Côte d’Ivoire is moving to consolidate its position as a major logistics cenxtre in West Africa by constructing new ports and upgrading its existing ones.
In September 2018 a CFA262bn (€399.4m) deal was signed with Chinese officials to establish a dry port in the country’s north. The 3185-ha project will be constructed in the northern city of Ferkessédougou, and will consist of an import-export terminal, a hydrocarbons depot, and an abattoir and regional livestock market. According to Ally Coulibaly, the minister of African integration, the port will be funded and constructed by Chinese state bodies, with a completion date set for 2020. The port’s strategic location – 600 km north of the economic capital of Abidjan – will provide a link between the Autonomous Port of Abidjan (Port Autonome d’Abidjan, PAA) and neighbouring landlocked countries such as Burkina Faso and Mali. The import-export terminal should also ease the regional flow of goods by allowing Customs procedures to be conducted on site, without the need for incoming freight to be transported to Abidjan for processing.
Port of Abidjan
The dry port deal comes amid a series of infrastructure upgrades at the PAA, Côte d’ Ivoire’s largest by size and throughput. Launched in 2015, a major extension and modernisation programme aims to triple capacity from a flow rate of 600,000 containers to 1.8m. Additionally, the expansion involves widening and deepening the Vridi Canal to accommodate large ships weighing over 150,000 tonnes with draughts of 16 metres. At present, the port can only dock ships with up to 50,000 tonnes. Some 85% of the CFA560bn (€853.7m) project is being financed by the Export-Import Bank of China, with the remaining 15% funded by the Ivorian state and regional banks. The China Harbour Engineering Company is executing the work, which is expected to be completed in August 2019.
A new terminal carried out by a consortium comprising Danish firms Maersk and AP Moeller, along with France’s Bolloré and Bouygues, will further boost the port’s handling capacity, from 1.2m twenty-foot equivalent units (TEUs) as of 2017 to 2.8m TEUs upon completion in mid-2020. The port’s first roll-on/roll-off dock was completed in March 2018, 17 months ahead of schedule. This development will allow 190,000 vehicles to be unloaded annually. Given that the port collects 85% of national Customs revenue, the expansion associated with the additional terminal is critical for both Abidjan and Côte d’Ivoire more broadly in positioning itself to service West Africa.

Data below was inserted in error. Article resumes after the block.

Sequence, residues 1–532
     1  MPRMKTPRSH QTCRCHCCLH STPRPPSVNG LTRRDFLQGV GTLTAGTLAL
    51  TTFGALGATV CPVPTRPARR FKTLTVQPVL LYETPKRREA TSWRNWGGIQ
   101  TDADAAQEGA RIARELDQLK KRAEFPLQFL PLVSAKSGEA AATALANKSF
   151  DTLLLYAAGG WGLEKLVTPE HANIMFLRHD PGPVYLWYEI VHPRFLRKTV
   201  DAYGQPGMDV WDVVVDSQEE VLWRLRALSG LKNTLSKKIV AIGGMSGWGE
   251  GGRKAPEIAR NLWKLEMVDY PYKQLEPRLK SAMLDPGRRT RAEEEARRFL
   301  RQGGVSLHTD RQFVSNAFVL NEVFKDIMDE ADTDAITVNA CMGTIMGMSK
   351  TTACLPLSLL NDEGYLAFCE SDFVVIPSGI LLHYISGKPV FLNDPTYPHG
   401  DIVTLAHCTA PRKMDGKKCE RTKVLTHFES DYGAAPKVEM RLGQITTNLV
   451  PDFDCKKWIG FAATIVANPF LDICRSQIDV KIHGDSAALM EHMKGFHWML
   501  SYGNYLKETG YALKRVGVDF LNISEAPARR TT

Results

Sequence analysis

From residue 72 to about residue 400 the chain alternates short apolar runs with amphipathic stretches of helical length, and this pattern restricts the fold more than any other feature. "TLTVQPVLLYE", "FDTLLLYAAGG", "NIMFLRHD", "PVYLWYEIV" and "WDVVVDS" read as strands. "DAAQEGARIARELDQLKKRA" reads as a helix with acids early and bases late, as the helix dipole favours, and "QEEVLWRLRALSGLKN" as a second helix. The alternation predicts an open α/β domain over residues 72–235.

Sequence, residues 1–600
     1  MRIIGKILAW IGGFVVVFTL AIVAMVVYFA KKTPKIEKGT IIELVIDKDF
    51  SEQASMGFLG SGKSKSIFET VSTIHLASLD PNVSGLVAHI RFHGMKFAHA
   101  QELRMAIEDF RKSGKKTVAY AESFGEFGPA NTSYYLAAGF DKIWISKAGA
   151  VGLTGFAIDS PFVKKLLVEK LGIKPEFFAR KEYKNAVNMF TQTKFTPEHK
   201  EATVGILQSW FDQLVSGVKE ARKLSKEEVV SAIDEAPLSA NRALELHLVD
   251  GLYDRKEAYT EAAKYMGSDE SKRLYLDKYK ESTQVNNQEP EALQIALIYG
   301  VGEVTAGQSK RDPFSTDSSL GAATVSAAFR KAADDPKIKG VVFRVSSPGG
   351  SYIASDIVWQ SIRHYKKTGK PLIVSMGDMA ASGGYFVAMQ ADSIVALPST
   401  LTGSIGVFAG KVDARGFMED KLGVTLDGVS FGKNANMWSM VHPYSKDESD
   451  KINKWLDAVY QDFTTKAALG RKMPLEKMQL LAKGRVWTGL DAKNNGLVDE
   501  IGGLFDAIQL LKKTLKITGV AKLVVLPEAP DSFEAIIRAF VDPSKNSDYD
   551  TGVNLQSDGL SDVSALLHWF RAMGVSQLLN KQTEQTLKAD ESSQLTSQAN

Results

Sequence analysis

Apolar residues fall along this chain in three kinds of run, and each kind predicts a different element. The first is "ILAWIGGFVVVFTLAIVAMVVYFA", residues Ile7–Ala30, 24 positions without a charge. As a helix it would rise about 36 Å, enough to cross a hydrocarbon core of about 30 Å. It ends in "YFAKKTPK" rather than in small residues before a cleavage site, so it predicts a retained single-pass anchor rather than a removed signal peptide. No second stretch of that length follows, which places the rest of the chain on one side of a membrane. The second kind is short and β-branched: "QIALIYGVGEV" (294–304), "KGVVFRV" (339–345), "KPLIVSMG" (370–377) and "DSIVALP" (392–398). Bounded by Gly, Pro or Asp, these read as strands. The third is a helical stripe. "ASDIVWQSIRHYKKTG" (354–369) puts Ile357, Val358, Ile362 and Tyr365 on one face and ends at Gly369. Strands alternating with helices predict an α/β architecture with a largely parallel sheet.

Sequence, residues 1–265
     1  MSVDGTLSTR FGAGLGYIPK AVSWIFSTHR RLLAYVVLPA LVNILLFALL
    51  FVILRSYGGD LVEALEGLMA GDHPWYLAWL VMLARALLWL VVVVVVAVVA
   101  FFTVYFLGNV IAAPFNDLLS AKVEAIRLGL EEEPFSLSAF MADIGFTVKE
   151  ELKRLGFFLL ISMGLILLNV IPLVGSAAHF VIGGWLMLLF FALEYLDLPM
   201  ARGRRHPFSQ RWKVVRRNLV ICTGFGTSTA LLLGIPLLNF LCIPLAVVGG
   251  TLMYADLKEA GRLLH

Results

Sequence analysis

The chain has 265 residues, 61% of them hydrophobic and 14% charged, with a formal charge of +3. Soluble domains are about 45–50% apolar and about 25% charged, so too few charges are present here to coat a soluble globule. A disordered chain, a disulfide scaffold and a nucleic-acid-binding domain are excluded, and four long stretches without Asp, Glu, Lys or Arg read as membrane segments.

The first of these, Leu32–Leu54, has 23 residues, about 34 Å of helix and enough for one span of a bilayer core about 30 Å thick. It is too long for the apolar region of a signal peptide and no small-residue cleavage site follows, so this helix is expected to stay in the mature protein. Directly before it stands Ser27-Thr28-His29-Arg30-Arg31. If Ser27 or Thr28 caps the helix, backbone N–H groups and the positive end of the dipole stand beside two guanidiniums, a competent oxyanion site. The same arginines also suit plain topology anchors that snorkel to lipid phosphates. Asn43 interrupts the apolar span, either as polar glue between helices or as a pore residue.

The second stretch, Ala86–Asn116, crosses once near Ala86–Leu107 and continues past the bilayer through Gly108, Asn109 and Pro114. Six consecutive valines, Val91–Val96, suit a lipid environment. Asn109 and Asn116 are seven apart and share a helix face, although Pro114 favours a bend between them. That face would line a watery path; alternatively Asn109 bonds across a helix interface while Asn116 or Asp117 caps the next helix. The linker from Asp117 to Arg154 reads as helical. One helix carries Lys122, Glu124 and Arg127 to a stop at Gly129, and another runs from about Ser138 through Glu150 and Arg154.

While the construction of a new dry port and the ongoing expansion of existing facilities in Abidjan is increasing handling capacity, other transport and infrastructure issues pose challenges. Philippe Labonne, deputy CEO of Bolloré, told local media in October that urban congestion was a major factor slowing the clearing of freight from the PAA, which he said was on average five times slower than leading shipping centres in Asia. A report released by the World Bank in February similarly said inefficient Customs procedures and a lack of related infrastructure often resulted in full warehouses and average processing times of 10 days. “The problem is that the port was built in the middle of the city, which is quite common in emerging markets, but it poses a logistical problem because all imports and exports have to go through the city’s traffic,” Glenn MacArtney, general manager of Maersk, told OBG. “Specifically, Abidjan has only three bridges that one can use to go from the port to the rest of the country,” he added.
As part of efforts to remedy the situation, in June 2018 the World Bank issued a $315m loan to finance the Greater Abidjan Port-City Integration Project, an initiative to improve logistics efficiency and port accessibility. It seeks to establish another $130m dry port on the northern outskirts of Abidjan to alleviate pressure on storage facilities and Customs. A further $164.3m has been dedicated to improve port access roads, build a new bypass and upgrade existing intersections.
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